35 Entek Kosekoy 157.2 987 1.01

36 Falez 11.7 57 0.06

37 Global Pelitlik 23.8 93 0.09

38 Hacisirahmet 7.8 36 0.04

39 HABAS Izmir 224.5 1451 1.48

40 Hayat Kagit 7.5 24 0.02

41 Karege Arges Kemalpasa 43.7 171 0.17

42 Modern 96.8 402 0.41

43 Noren 8.7 33 0.03

44 RASA Van 114.9 593 0.6

45 Sayenerji Kayseri 5.9 0 0

46 Sonmez Usak 70.7 161 0.16

47 Sahinler Corlu Tekirdag 26 65 0.07

48 T Enerji 1.6 0 0

49 Ugur Tekirdag 60.2 136 0.14

50 Zorlu (B. Karistiran) Luleburgaz 115.3 513 0.52

51 Zorlu (Bursa) Bursa 90 514 0.52

52 Zorlu (Sincan) Ankara 50.3 228 0.23

53 Zorlu (Kayseri) Kayseri 188.5 754 0.77

54 Zorlu (Yalova) Yalova 15.9 104 0.11

55 AK (K.Pasa) Kemalpasa 127.2 564 0.57

56 AK (Bozuyuk) Bozuyuk 126.6 513 0.52

57 AK (C.Koy) Cerkezkoy 98 427 0.44

58 AKSA Yalova 70 427 0.43

59 ATAER 119.2 520 0.53

60 Baticim 45 277 0.28

61 Bil Balgat Ankara 36.6 123 0.13

62 Camis Trakya 32.9 194 0.2

63 DESA 9.8 70 0.07

64 Gul 24.3 1 0

65 Ege Birlesik Izmir 12.8 80 0.08

66 Enerji-SA Kosekoy 120 581 0.59

67 Enerji-SA Canakkale 64.1 378 0.39

68 Enerji-SA Adana 130.2 703 0.72

69 Enerji-SA Mersin 64.5 385 0.39

70 Entek Demirtas 145.9 805 0.82

71 Eskisehir 2 Eskisehir 59 276 0.28

72 KEN Kipas Karen K. Maras 41.8 73 0.07

73 MOSB Manisa 84.8 541 0.55

B. Atilgan, A. Azapagic / Journal of Cleaner Production xxx (2014) 1—10

Table 3 (continued )

Gas plant

Location

Installed capacity (MW)

Annual generation in 2010 (GWh)

Contribution to total generation (%)

Efficiency (%)

Yurtbay

Eskisehir Total

7.7 38 6.9 16,709 (18,213b)

49 125 53 91,369 (98,144b)

0.05 0.13 0.05

Blank spaces in the table indicate no data availability. a The plants listed in the table are connected to the grid. The remaining 111 plants are autoproducers which are not connected to the grid.

b The total installed capacity in 2010 was 18,213 MW and the generation was 98,144 GWh. The difference from the installed capacity and generation shown in the table is due to a lack of data for the autoproducer plants not included in the table. However, total actual electricity generation has been used to estimate the impacts from gas plants.

electricity for own consumption. However, total generation from these plants has been considered (see notes to the tables), although specific data for each plant were not available.

The power plant and generation data have been used together with the fuel composition data in Table 4 and the amount of fuels used for electricity generation in Table 5 to estimate the emissions from the individual plants using GEMIS 4.8 (Oko Institute, 2012). The results are summarised in Table 6. The emissions calculated in GEMIS have then been imported into Gabi v.6 to estimate the life cycle impacts of electricity generated by lignite, hard coal and gas plants, using the inventory data and the assumptions in Table 4. The background life cycle inventory data have been sourced from Ecoinvent (Ecoinvent, 2010) but have been adapted as far as possible to Turkey's conditions.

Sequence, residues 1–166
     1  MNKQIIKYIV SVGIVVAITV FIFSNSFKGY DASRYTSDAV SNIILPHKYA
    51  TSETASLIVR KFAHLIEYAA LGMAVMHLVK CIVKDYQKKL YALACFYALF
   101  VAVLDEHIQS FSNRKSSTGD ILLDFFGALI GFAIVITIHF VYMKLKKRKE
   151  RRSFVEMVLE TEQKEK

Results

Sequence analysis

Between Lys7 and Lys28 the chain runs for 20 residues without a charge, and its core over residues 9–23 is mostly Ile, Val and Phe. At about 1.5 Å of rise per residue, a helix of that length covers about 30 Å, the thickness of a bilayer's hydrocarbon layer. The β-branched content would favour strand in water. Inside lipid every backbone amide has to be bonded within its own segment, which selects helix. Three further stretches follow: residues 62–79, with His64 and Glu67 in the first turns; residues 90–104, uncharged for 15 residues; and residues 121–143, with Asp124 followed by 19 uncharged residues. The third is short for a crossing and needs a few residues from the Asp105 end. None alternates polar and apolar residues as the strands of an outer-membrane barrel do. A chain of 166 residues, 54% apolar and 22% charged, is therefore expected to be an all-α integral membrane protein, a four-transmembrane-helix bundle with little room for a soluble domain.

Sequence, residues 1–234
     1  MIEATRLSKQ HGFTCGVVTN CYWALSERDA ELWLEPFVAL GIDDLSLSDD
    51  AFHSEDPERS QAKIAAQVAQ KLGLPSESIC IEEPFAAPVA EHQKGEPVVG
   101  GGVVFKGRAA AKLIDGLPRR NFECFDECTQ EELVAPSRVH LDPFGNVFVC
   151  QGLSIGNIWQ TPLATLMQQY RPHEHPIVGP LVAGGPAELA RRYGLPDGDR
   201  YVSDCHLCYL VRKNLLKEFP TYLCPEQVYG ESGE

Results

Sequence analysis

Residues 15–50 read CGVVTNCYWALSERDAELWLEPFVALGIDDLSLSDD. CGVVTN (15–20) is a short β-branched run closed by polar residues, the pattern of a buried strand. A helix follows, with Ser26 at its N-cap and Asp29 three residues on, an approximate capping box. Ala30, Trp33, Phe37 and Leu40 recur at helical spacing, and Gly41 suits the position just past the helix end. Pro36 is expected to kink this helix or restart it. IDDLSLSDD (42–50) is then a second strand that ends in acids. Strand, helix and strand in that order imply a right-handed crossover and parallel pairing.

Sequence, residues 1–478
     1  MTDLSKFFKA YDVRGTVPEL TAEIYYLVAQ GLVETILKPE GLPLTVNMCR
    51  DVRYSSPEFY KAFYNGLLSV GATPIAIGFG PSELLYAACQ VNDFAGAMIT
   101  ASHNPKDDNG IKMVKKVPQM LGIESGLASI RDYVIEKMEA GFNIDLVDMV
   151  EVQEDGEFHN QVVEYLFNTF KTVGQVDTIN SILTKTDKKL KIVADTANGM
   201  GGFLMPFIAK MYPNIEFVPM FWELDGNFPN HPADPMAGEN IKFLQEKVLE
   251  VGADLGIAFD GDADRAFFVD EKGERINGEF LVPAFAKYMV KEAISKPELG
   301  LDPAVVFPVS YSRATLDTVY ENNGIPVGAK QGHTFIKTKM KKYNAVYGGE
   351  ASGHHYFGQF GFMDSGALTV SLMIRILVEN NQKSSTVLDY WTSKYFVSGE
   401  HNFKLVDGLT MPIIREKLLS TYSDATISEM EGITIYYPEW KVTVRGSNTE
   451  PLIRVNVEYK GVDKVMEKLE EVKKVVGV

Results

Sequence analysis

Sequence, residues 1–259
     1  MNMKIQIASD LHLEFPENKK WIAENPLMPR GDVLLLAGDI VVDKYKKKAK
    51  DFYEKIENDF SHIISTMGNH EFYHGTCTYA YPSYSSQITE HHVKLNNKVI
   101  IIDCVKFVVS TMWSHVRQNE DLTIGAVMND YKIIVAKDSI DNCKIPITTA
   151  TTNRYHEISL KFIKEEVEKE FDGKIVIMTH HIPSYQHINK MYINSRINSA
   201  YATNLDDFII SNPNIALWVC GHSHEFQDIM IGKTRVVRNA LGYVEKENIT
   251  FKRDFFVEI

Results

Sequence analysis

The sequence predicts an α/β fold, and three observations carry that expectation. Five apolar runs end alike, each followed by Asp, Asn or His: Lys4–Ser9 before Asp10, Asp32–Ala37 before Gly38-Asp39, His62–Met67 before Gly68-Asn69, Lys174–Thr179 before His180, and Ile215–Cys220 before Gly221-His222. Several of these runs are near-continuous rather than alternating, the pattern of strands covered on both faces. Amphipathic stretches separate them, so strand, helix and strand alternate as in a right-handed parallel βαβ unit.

3. Results and discussion

The environmental impacts have been estimated following the CML 2001 impact assessment method (Guinee et al., 2002). The

following impacts are considered: abiotic depletion potential (ADP elements and fossil), acidification potential (AP), eutrophication potential (EP), fresh water aquatic ecotoxicity potential (FAETP), global warming potential (GWP), human toxicity potential (HTP), marine aquatic ecotoxicity potential (MAETP), ozone layer depletion potential (ODP), photochemical ozone creation potential (POCP) and terrestrial ecotoxicity potential (TETP). The results for each impact are discussed in the following sections, first for the functional unit related to the generation of 1 kWh of electricity and then for the annual generation of electricity from fossil fuels in 2010.

3.1. Environmental impacts per kWh of electricity generated

The results in Fig. 4 suggest that electricity from gas has the lowest impacts for all the categories except for ODP which is 48 times higher than for lignite and 12 times greater than for hard coal. Lignite is the worst option overall, with eight out of 11 impacts higher than for hard coal, ranging from 11% higher ADP fossil to

Table 4

Assumptions and summary of inventory data.

Life cycle stage

Lignite

Hard coal

Natural gas

Mining and processing

Domestic

Open pit and underground mining Composition (% w/w):

O Sulphur: 0.8-4.5%

O Ash: 19-40%

O Water: 20-50%

Net heating value: 7.2-13.9 MJ/kg

Transport

Electricity

generation Plant

construction

decommissioningb

Domestic and imported

Open pit and underground mining

Composition (% w/w):

O Sulphur: 0.5-0.9%

O Ash: 7-11%

O Water: 4-7%

Net heating value: 27-27.5 MJ/kg

Power plants adjacent to the mine

See Table 1 for details

Average water use: 37.3 kg/kWh

Lifetime: 30 yearsa

Data from Ecoinvent based on

average size of the plant

of 380 MW (a mix of 500 MW

and 100 MW plants in a 70:30 ratio)

Metals and concrete: 50% recycled,

50% landfilled

Plastics: 20% recycled, 80% landfilled

Shipping and rail transport; see Table 5 for details

See Table 2 for details

Average water use: 32.7 kg/kWh

Lifetime: 30 yearsa

Data from Ecoinvent based on

average size of the plant of 460 MW

(a mix of 500 MW

and 100 MW plants at 90:10 ratio)

Metals and concrete: 50% recycled, 50% landfilled

Plastics: 20% recycled, 80% landfilled

Composition (% vol.): O Ci: 94.7—97.3% O C2: 1—3.4% O C3: 0.3—0.6% O C4: 0.1 —0.4% O C5+: 0.02—0.1% O C02:0.06—0.6% O N2: 0.1 —4.6%

Net heating value: 36.5—40.4 MJ/kg

Leakage during extraction: 0.38%

Leakage in production: 0.12%

Pipeline; see Table 5 for details

Leakage from pipeline: 0.023% per 100 km

Energy use by compressor stations: 0.27% per 100 km

All plants assumed to be CCGT with efficiency of 55%

Average water use: 3.4 kg/kWh

Lifetime : 25 yearsa

Data from Ecoinvent assuming 400 MW plant

Metals and concrete: 50% recycled, 50% landfilled Plastics: 20% recycled, 80% landfilled